Rockets 112, Pelicans 131 - Hit the Ground Stumbling

By Forrest Walker on October 17, 2018

The Houston Rockets didn't look like they had anything to prove tonight. They also didn't look like they had a game plan, or chemistry, or NBA-level talent. After waiting months to see these Rockets play in a real regulation game, the collective NBA world was treated not to the 65-win juggernaut they were last season, but something more like the Worst Defense In The League many people expect them to be every season. Now, instead of analyzing how the pieces fit, the only thing left to do is to try to judge whether there's cause for real concern.

The story of this game is a simple one: the New Orleans Pelicans outclassed the Rockets in every possible way. Anthony Davis, Nicola Mirotic and Julius Randle absolutely bulldozed Houston's frontcourt, and it was a sight to behold. Davis was utterly unstoppable, and Mirotic and Randle complemented him perfectly. The Pelicans are zagging toward size up front while the current elite teams are zigging toward small, shooting lineups, and tonight's game certainly didn't make that look like a poor choice.

This game was reminiscent of games against the Pelicans last season, including an ugly loss for Houston as well as the ACL tear DeMarcus Cousins is still recovering from. In a very real way, this is a nightmare matchup for Houston, especially now that Davis seems to be entering the avatar state at will. The Rockets also looked discombobulated and hung over from a grueling season, a brutal playoff exit and a brush with greatness.

None of this, however, encompasses how grim it truly was. Doomsayers have been saying doom about losing Trevor Ariza and Luc Richard Mbah a Moute as well as the retiring of defensive mastermind coach Jeff Bzdelik. Tonight, that doom seemed real. Of course, not even all of those factors together can account for just how bad the defense was. Houston's defensive rating was 124.8, an eye-popping number that would easily be the worst in the league if continued throughout the season. Players looked lost and confused, doubling and helping with no purpose or pattern.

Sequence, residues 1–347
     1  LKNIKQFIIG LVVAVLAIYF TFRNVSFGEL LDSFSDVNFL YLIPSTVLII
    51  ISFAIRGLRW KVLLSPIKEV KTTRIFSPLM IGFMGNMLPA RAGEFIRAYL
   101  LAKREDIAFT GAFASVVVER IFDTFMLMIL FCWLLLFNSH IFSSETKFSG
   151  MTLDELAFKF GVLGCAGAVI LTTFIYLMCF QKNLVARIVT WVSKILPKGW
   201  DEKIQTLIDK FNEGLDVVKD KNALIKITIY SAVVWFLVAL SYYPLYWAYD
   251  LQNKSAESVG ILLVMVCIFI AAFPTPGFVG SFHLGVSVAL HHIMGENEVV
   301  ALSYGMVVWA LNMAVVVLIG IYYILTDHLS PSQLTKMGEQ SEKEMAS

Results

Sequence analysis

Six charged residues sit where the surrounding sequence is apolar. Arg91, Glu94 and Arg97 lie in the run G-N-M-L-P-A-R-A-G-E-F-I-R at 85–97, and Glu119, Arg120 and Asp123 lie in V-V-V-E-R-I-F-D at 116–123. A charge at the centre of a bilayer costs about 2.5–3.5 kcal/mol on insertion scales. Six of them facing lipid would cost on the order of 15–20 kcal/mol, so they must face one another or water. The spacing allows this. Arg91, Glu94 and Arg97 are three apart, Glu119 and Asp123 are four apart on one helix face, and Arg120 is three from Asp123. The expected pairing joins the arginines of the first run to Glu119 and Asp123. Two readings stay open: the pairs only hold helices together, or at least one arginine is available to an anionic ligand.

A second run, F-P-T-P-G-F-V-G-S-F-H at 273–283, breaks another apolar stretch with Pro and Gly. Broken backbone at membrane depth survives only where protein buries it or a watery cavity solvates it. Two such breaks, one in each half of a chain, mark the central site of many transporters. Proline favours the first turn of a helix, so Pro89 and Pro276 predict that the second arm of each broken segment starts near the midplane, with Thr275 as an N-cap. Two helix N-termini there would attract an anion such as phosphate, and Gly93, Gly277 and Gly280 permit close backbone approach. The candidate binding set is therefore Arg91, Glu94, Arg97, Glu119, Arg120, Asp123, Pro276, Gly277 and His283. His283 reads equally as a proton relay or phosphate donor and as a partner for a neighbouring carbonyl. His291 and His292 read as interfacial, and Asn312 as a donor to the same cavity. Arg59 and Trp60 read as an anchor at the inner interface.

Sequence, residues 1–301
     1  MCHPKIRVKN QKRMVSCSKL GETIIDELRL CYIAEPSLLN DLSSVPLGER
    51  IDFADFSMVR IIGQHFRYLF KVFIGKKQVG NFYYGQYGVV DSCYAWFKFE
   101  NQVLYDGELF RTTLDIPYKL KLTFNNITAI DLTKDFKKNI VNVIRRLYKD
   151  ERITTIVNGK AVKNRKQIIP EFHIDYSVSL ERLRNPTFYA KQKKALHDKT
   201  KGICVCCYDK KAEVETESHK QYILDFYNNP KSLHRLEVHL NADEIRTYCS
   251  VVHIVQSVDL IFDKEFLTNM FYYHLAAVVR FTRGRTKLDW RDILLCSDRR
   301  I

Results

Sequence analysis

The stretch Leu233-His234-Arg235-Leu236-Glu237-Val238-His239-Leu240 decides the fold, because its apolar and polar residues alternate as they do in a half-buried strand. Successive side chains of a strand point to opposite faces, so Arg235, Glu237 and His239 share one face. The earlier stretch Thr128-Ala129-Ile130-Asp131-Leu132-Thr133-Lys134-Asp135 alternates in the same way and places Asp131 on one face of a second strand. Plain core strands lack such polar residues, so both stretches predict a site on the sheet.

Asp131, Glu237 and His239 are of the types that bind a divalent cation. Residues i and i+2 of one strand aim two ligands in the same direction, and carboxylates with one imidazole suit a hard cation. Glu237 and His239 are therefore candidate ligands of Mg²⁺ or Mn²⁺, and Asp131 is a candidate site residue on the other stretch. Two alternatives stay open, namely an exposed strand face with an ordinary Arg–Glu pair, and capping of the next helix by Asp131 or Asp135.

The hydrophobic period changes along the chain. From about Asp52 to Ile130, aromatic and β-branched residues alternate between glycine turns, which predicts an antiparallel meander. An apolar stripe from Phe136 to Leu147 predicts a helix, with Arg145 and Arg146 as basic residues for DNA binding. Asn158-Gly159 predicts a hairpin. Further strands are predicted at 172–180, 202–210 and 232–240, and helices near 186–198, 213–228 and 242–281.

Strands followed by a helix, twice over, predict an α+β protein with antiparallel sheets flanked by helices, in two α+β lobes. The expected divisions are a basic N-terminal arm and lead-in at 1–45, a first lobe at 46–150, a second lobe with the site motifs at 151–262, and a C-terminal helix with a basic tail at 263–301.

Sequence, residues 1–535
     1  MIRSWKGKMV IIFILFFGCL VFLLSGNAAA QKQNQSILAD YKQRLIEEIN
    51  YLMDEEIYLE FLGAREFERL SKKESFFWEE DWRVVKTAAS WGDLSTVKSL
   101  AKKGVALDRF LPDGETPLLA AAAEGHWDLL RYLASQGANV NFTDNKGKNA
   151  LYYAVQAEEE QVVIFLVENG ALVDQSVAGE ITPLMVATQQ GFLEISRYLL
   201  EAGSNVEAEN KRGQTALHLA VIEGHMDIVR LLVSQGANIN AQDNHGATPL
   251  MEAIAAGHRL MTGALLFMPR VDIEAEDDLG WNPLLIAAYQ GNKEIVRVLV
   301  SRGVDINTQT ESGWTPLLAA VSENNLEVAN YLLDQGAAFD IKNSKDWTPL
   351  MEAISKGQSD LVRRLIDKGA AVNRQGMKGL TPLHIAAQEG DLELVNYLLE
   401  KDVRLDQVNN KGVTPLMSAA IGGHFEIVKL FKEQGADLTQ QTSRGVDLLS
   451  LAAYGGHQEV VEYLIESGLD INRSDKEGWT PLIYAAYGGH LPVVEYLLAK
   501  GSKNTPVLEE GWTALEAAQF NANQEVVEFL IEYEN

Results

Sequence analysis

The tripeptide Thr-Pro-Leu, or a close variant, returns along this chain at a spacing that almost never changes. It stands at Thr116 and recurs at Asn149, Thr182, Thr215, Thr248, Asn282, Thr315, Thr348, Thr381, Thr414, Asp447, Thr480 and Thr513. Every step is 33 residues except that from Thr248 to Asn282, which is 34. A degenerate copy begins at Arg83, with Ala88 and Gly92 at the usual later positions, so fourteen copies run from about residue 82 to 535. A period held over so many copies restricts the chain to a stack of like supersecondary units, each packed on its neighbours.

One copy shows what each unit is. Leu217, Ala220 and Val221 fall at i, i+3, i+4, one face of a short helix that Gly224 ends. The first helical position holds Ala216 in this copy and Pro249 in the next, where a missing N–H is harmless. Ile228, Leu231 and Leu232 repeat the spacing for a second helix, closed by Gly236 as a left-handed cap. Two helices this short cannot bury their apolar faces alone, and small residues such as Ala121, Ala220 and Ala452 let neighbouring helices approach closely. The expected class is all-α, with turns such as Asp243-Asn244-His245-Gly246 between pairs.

There's no way this was an average night for Houston defensively. The question now is just how anomalous it was. The offense wasn't even good, either, despite the 112 Houston put up. Their offensive rating was a mere 107.7, down almost double digits from last season. The hope has to be that this was a wake-up call, and possibly a down evening as well as a bad matchup, and they go on to raze the countryside once again.

If not, the Rockets are in a world of trouble.

As for the players, you'll see a lot of digital ink spilled about how bad Carmelo Anthony and Michael Carter-Williams were. They weren't good, and that ink might be right about the viability of those signings. It's worth noting, however, that everyone on the team played badly. Eric Gordon (team-high 21 points) and PJ Tucker (19 points, 4-7 on threes) looks acceptable. James Harden was one rebound from a triple double and didn't stand out. It was a bad night across the board, and to ascribe all the blame to a few role players is premature and a bit vindictive.

I remain skeptical of Melo.

The only thing to do for this Rockets team now is to lick their wounds, watch some film and maybe send an email to Jeff Bzdelik about what he'd do here. They have a back-to-back in Los Angeles this weekend, facing the Lakers and Clippers on successive days. They can't get back this loss to New Orleans, but they can hopefully move past it.

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